Laura Brodkey, W’25, is a natural community builder who creates spaces for students to be their authentic selves and make connections.

You’ll mostly likely find Laura Brodkey in the great outdoors backpacking or hiking, but not just because she loves spending time in nature. 

“What I find most exciting is getting other people to build connections with others in those settings,” she said. “It pushes them out of their comfort zone and makes them spend a lot of time together without distractions.” 

The rising fourth-year is passionate about forming intentional communities at Penn. That passion led the outdoor enthusiast to be involved in PennQuest and Penn Outdoors Club. Additionally, Brodkey is an instructor for Outward Bound, leading backpacking trips that emphasize leadership development and growth. 

PennQuest gear return (Image: Laura Brodkey)

The Pittsburgh native is a mentor in PennQuest, a pre-orientation program aimed at fostering connections among incoming first-years through outdoor activities. Brodkey guides students through outdoor adventures and bonding activities, helping them establish a support network before starting their academic journey at Penn.  

“By the time they come to Penn, they have this support network of mentors and friends, who really know them for who they are,” Brodkey says of the first-years. “Whenever you get bombarded with all of the different activities that you can join at Penn and intense social life, you have this safety net to fall back on.”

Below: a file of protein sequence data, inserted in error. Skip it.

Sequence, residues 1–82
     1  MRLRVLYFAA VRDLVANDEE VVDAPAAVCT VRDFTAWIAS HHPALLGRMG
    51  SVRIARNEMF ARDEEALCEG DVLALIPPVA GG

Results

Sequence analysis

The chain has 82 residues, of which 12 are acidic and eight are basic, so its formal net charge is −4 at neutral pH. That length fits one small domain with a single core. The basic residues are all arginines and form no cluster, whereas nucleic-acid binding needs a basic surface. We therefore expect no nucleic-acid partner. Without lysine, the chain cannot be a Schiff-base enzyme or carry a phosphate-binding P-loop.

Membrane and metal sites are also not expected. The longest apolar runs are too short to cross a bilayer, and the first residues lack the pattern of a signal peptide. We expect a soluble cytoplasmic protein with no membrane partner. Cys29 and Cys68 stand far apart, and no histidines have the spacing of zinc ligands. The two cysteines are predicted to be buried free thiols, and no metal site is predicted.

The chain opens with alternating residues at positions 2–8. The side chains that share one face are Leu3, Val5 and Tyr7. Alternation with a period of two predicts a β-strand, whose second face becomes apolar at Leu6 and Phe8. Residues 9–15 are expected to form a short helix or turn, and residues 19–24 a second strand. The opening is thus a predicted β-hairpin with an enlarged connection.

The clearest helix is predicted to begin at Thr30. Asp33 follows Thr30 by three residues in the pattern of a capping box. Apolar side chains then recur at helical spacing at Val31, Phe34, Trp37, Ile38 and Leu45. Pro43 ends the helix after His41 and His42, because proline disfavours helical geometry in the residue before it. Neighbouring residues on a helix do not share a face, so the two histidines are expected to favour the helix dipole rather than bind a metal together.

Brodkey, a PennQuest mentor since her sophomore year, says the program was foundational to her confidence and sense of belonging on campus.  

Playing ultimate frisbee (Image: Laura Brodkey)

“You come in as this nervous first-year worried about how you’ll be perceived. Will you be included and appreciated for who you really are?” Brodkey said. “PennQuest makes you realize, ‘Oh, I can just be who I am and still be appreciated for that.’” 

The experience encouraged her to take risks and pursue various clubs and activities, including women’s club soccer and women’s ultimate frisbee.  

“I had this insane confidence boost where I could do whatever club I wanted,” Brodkey said of how comfortable she felt after finding groups that loved her true self.